Women’s cycling in the 1980s: We’ve come a long way, baby!

Former US pro Nan Deardorff-McClain gives us a grippingly honest account of the reality of being a bike racer in the 1980s. Spoiler: it was not the decade that solved women’s cycling — that’s what is happening right now.

Throughout 2021, we witnessed the very first women’s Paris-Roubaix held, certain teams began offering salaries that match their male counterparts, and certain races made efforts to match prize money between males and females. That was big. And it’s only going to get better as 2022 goes on, from the Spring Classics to Tour de France Femmes avec Zwift and the re-entrance of the Giro d’Italia Femminile Internazionale.

In this exclusive story from Nan Deardorff-McClain, a Tour de France Feminin participant in the 80’s turned mosaicist and urban art activist and NGNM ambassador, she opens up about aspects that you would probably never see on Instagram, had it existed back then.

Text: Nan Deardorff-McClain 

When NGNM founder, Milly de Mori, introduced me on Facebook as an ex-pro team US rider, I cringed. This description sounded rather generous. It’s true that I raced road bikes at the highest level from 1982 to 1989, but, well…things were different back then.

I was not technically professional. Everyone who was bicycle road racing at that level aspired to be chosen for the Olympic team, but to compete in the Olympic games at that time in history, you had to be classified as an ‘amateur’ to qualify. While I attended winter training camps at the Olympic Training Center in Colorado Springs and raced the 1986 Olympic Sports Festival, I considered myself more of an Olympic doubtful than an Olympic hopeful. Being a less generously sponsored athlete – a sort of second-tier rider on the elite circuit of National Prestige Classics, which were the races that attracted the best racers in the country – I was mostly ‘pack filler’. I made it to the winner’s podium once in an elite event even though I consistently placed in the top 25 percent of the field of around 50 women racers. Of course, I had equipment sponsors but unlike some racers on the handful of elite teams, who received salaries and travel funds in addition to gear, I worked part time and saved my money to support my racing endeavors. The amateur rule was that you could earn no more than 1,000 dollars per day in order not to be classified as a pro. No problem there! The prize money we won rarely reached such an astronomic level!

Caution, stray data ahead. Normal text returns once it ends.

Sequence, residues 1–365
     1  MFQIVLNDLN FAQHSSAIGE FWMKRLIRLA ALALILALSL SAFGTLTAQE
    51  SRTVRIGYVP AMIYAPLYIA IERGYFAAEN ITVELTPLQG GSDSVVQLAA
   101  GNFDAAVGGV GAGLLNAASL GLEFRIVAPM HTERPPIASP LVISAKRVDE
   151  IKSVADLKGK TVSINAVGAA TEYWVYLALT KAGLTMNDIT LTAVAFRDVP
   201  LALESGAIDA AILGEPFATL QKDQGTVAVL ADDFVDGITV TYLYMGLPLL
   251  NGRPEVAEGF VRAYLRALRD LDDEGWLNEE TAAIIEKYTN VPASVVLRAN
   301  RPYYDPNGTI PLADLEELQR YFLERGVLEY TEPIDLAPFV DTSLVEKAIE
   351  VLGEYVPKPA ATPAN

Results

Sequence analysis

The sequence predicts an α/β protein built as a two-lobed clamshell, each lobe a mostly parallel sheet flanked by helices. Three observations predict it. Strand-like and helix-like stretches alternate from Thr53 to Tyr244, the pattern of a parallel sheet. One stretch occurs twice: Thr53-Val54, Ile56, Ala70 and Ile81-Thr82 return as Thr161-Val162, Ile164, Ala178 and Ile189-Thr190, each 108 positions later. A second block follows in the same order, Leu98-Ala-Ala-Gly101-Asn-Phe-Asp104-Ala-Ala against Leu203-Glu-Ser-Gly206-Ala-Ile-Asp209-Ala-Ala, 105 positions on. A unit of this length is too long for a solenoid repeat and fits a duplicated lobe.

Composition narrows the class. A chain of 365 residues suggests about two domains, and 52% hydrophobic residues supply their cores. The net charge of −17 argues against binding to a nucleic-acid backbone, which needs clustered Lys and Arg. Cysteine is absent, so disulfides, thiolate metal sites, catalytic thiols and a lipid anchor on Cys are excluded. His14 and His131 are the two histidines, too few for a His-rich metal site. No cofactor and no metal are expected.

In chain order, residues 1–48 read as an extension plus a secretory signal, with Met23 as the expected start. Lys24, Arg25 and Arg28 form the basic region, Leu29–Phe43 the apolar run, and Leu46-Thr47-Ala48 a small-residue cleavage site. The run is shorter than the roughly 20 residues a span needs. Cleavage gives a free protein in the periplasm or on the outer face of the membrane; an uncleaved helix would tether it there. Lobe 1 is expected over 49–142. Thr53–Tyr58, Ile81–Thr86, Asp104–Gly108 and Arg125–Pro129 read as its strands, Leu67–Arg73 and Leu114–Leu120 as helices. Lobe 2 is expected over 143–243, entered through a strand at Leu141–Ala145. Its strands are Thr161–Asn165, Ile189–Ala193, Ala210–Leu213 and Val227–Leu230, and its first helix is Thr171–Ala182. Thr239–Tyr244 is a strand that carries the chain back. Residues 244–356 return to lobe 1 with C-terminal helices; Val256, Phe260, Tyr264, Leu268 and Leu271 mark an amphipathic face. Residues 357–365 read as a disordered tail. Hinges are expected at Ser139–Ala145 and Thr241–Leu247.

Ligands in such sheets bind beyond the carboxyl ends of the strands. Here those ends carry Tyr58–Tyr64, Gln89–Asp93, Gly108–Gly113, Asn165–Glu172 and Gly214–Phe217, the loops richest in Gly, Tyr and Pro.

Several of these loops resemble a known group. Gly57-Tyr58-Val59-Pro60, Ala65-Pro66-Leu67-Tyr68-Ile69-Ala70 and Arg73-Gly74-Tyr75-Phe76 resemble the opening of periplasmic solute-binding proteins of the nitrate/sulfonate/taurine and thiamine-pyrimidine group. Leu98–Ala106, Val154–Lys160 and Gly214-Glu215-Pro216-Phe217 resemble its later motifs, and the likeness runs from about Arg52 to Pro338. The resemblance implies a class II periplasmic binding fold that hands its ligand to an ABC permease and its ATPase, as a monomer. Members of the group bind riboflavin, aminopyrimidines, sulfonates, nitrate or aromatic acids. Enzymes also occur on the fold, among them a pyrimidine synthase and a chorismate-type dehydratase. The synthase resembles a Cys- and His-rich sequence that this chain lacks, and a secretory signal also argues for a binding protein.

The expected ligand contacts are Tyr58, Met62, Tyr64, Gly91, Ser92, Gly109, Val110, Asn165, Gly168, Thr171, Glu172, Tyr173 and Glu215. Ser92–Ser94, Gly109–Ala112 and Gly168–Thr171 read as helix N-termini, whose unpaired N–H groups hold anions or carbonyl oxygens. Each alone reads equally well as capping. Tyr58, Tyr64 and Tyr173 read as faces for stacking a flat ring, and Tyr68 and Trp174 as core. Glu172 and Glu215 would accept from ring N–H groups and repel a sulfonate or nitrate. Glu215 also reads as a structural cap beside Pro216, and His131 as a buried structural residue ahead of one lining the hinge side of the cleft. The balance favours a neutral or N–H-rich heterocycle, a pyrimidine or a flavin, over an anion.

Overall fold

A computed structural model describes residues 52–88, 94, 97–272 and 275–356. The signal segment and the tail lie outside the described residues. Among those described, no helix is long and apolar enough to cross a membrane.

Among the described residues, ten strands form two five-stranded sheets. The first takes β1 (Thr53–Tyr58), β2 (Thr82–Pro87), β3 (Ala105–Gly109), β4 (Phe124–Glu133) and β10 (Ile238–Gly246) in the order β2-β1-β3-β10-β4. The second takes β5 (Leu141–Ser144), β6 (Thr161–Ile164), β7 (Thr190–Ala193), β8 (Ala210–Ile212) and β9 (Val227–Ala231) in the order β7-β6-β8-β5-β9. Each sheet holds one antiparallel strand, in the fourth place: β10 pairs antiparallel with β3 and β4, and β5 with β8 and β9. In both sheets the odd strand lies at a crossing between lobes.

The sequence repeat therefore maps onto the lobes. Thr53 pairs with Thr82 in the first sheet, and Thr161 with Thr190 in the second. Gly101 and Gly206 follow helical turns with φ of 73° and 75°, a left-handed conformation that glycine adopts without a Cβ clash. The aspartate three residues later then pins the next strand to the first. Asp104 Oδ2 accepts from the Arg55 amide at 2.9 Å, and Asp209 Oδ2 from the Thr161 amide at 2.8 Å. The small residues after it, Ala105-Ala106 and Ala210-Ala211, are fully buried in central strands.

I credit my time as a bike racer for teaching me how to get the most out of a dollar.

High power, low wages

I credit my time as a bike racer for teaching me how to get the most out of a dollar. I believe anyone who raced bikes in this era had thriftiness ingrained in their genes. For most of us, it was the only way to make it to the selection races. We would spend long hours driving all sorts of vehicles to get to a race. We stayed in cheap motels, sneaking 4 additional people into a room meant for 2 people, flipping a coin to see who would have to sleep on the box springs. [editor’s note: American beds have these support structures underneath the soft mattress.]

We were always eating, so thriftiness with our nutrition was a big part of our frugality. Finding the all-you-can-eat restaurants only to make the management wish that cyclists were excluded from the offer. I once ate 5 plates of pasta for $1.99, feeling proud about setting my team’s women’s record, albeit terribly bloated. Another extreme example: a teammate of mine would hang out at the grocery store with bulk food containers that you’re meant to fill yourself and then pay for. She would read one of the store’s magazines and gorge herself with trail mix before paying for a fraction of what she consumed. The magazine provided a handy screen to hide the fact that she was helping herself to the merchandise. Yes, some of us were obnoxious.

 We drove cars that didn’t meet regulation safety standards – no seatbelts, lying on mattresses in the back of a cargo van – while drivers drafted behind large trucks. It was a scary way to save gas. The truck drivers didn’t seem to mind, knowing the benefits of less wind drag on the fuel meter. We also all had ‘fuzz busters’ on our dashboards, which alerted the person driving to slow down for police radar guns. Back then, the police actually had to catch you to hand over a fine! We certainly had no extra funds for expensive speeding fines, so these devices were worth the 150-buck investment!